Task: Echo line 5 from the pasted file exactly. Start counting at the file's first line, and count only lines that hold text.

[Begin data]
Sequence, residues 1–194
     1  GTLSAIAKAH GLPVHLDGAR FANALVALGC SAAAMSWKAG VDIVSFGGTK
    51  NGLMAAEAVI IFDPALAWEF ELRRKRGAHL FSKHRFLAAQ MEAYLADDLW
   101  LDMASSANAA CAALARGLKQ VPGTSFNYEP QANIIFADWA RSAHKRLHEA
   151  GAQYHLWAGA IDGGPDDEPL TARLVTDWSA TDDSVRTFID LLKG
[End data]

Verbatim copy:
   151  GAQYHLWAGA IDGGPDDEPL TARLVTDWSA TDDSVRTFID LLKG